You can tell, just by that brief list of names, that each has its own culture and approaches.

The Sierra Club and Audubon Societies usually have locally-based Chaptersor Group where you can volunteer in a wide range of capacities and issues.So if you're interested in large, long-established national groups,eitherone of these can be a good choice. For the others, local volunteering isonly available in limited areas, and you can inquire with each group as itappeals to you.

Acting Locally

The vast majority of environmental groups are locally-based effortsformedaround a specific place or resource or issue. To connect with localenvironmental groups, try contacting the Mayor's office in your townand/orcheck with the Parks Department or Recycling program.

The Earth Day Network is linking together hundreds of local groups organizing activities for Earth Day each year. You canvisit their calendar and search for events and groups anywhere.

Virtual Volunteering

More and more environmental groups, both national and local, have some kindof on-line presence - either a website, or members withemailand more and more people are finding that "virtual activism" is startingtoreally matter - especially at the local city and county levels. If youdon't find a local project or group that you can regularly connect with,Ire commend seeking out a local email activist list where you regularly respond to alerts for phone calls, email letters or to attend public hearings in your area.

What do you want out of volunteering?

Make sure you seek out what you are most passionate about and match itwithwhat you are most willing and able to contribute. Some people havespecificskills that are desperately needed by volunteer organizations. Otherswantto learn how to do new things. For me, I wanted to figure out how to dowhat was most needed - regardless of the type of work. I was moreinterested in the culture of the group and was drawn to work where Icouldlearn the ins and outs of various approaches.

When you are asking about volunteer jobs, be as specific as you can about how much time you have and what you are interested in. But I alsore commend dropping by the office, or attending an event or meetings organized by the group. This will give a sense of their culture and approach. Many worth while groups may not even have an office, so you shouldn't let that dissuade you, but you should feel an affinity to their mission and methods.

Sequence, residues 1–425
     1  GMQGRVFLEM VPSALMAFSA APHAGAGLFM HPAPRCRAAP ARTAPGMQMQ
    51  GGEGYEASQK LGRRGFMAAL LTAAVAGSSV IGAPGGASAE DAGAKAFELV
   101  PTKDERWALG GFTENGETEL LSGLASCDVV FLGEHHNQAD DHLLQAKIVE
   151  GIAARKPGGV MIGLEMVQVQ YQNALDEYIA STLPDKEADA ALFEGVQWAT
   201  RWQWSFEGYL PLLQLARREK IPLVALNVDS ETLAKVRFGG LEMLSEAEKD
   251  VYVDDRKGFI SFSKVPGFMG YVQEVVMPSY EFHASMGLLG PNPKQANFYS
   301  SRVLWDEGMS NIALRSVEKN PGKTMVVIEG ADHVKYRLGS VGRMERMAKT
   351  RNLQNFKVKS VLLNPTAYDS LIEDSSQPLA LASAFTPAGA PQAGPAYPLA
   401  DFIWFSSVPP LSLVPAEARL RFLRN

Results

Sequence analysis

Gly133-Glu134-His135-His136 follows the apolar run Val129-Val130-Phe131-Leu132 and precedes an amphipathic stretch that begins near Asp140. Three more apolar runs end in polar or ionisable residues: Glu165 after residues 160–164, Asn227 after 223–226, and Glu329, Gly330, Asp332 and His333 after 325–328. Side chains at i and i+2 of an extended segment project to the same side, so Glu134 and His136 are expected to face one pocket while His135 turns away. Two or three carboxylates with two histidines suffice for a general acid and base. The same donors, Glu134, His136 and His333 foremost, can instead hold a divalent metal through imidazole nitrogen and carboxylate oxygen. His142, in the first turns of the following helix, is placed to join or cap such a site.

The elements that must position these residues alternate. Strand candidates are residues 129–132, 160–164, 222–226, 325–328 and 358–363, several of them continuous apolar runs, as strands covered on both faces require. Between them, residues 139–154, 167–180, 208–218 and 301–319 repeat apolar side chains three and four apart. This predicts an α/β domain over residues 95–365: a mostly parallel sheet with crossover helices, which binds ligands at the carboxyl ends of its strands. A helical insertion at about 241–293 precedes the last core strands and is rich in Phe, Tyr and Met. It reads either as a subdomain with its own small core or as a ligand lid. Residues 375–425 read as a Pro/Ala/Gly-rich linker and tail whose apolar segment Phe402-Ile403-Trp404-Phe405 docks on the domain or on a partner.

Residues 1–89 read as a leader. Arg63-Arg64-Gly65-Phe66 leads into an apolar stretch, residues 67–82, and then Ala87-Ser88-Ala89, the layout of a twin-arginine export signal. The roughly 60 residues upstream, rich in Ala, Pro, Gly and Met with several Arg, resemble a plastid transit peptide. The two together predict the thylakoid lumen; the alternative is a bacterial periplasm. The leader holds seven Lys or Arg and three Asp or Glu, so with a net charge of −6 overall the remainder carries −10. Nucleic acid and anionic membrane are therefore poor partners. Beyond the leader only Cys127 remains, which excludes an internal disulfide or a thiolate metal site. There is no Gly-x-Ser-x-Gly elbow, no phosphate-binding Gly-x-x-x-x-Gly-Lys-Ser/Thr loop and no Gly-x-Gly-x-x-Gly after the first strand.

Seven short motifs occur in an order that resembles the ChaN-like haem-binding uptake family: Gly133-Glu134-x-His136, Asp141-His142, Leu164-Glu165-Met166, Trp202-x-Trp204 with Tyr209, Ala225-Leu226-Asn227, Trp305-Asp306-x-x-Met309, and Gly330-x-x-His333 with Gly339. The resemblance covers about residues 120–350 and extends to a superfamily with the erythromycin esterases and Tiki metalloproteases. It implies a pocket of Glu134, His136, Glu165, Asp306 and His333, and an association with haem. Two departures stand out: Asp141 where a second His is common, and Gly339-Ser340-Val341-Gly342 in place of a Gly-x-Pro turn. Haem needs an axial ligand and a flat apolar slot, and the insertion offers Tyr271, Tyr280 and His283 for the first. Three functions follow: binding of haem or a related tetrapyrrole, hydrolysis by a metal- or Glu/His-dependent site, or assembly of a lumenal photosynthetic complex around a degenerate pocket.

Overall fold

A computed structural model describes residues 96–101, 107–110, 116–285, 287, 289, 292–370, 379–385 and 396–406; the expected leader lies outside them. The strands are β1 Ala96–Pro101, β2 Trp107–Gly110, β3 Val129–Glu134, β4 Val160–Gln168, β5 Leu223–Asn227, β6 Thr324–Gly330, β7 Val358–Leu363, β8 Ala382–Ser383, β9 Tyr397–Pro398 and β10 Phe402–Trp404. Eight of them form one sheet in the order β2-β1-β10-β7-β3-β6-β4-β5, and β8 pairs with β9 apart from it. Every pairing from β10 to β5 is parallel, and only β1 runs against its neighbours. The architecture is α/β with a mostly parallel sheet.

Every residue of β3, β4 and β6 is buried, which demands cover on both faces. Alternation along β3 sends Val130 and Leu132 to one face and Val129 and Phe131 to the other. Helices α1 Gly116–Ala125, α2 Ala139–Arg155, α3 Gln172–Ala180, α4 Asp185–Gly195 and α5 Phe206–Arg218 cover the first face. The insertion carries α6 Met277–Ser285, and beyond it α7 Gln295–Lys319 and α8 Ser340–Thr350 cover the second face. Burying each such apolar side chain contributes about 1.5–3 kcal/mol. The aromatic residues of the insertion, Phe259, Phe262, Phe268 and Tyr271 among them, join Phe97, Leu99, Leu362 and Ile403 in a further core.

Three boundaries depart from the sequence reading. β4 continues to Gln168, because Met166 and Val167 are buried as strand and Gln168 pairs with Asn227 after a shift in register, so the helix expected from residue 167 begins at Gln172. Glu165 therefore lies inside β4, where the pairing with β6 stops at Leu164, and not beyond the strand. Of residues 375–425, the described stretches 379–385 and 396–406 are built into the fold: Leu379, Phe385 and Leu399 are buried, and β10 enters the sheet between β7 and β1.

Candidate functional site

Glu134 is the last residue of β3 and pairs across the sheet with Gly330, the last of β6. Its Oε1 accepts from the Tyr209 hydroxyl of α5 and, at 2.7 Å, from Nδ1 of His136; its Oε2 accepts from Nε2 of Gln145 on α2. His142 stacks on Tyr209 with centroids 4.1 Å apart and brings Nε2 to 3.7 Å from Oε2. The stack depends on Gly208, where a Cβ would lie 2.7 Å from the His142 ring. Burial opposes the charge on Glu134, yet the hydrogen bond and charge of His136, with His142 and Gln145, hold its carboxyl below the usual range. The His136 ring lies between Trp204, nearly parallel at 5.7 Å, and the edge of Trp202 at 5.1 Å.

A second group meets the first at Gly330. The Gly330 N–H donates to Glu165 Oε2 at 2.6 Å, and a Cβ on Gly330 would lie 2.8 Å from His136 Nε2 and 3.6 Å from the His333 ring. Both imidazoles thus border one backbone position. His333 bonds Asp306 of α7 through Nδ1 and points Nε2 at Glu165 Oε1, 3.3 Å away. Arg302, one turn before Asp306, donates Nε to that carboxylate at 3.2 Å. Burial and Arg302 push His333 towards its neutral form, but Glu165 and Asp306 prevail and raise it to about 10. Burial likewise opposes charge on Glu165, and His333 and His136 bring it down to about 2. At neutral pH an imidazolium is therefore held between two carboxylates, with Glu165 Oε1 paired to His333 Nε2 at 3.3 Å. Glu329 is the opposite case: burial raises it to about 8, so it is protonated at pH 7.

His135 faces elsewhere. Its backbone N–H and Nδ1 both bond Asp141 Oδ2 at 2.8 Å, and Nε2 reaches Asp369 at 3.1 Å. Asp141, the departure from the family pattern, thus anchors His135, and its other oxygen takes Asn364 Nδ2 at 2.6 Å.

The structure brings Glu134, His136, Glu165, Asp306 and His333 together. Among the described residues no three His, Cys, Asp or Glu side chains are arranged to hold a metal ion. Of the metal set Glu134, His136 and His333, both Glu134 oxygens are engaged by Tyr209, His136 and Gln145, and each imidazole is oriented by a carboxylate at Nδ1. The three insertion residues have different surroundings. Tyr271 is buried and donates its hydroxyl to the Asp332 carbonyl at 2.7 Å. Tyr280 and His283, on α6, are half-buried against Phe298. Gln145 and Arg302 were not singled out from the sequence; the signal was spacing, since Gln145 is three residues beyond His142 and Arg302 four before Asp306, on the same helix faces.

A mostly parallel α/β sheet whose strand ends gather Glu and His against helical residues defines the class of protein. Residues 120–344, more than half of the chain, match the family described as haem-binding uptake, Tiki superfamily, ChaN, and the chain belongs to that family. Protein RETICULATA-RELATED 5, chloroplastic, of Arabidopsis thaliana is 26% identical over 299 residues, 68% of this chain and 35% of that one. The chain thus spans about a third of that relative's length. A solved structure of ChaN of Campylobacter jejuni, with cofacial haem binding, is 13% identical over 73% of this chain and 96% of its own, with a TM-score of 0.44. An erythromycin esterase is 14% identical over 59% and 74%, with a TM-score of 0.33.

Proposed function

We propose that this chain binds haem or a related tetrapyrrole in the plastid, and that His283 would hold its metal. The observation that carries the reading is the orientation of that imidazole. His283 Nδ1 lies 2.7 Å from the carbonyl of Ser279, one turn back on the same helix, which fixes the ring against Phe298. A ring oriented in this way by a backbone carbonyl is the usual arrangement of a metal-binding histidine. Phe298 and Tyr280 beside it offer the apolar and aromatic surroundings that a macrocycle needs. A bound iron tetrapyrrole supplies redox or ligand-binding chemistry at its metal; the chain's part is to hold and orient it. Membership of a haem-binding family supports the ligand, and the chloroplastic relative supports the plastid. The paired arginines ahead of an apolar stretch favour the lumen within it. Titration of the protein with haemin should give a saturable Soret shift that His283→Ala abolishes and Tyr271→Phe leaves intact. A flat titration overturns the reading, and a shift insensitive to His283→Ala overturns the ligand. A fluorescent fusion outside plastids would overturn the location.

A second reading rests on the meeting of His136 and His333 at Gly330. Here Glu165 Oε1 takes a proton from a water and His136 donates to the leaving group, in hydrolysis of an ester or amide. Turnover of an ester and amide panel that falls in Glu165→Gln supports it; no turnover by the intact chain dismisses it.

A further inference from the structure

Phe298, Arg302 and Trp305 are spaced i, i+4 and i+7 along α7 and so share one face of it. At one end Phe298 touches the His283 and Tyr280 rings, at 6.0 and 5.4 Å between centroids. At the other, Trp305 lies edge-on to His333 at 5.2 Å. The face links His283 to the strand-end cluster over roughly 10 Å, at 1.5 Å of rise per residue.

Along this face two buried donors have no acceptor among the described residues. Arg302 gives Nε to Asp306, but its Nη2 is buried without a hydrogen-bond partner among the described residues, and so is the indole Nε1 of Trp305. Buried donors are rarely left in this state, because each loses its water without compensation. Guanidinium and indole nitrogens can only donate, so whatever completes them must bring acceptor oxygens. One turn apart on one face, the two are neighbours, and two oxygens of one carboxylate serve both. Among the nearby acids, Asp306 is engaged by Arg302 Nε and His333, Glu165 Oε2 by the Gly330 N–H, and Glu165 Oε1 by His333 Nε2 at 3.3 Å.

Also, if you're not sure what "turns you on the most," Earth Day can be a good place to get started learning about environmental issues. I first connected with environmental volunteering by contacting my local recycling group. But I was really more interested in animal habitats and wanted to find ways to make connections with other issues. This led me tovolunteering with Earth Day which provided a means and a time for bringing all the issues together and connecting them with as many people aspossible. In my part of the country, San Diego, California, there is nobetter place to connect with a wide range of groups - and see what they ar eup to with volunteers and projects. .


READ PAST VOLUNTEERING GREEN COLUMNS


Written by: Carolyn Chase.
To send your questions to Carolyn,

Passionately committed to integrating environmental awareness into dailydecision-making at all levels, personal, professional and public,Carolyn has donated moret han 5,000 hours of volunteer service work on a variety of projects and helped recruit and manage more than 3,000 first-time volunteers for environmental service work.

In 1990, she founded San Diego Earth Day, now known as San Diego EarthWorks, a volunteer-based California non-profit corporation. In1995,she help found the Earth Day Network linking together local organizers across the United States and around the world. Carolyn manages and moderates several computer email lists on sustainability, conservation, and Earth Day organizing.She has also served as the Chapter Chair for the San Diego/Imperial County Sierra Club and is currently national Chair of the Sierra Club Global Warming Program Committee, member of the Board of the San Diego League of Conservation Voters and Chair of the City of SanDiego's Waste Management Advisory Board.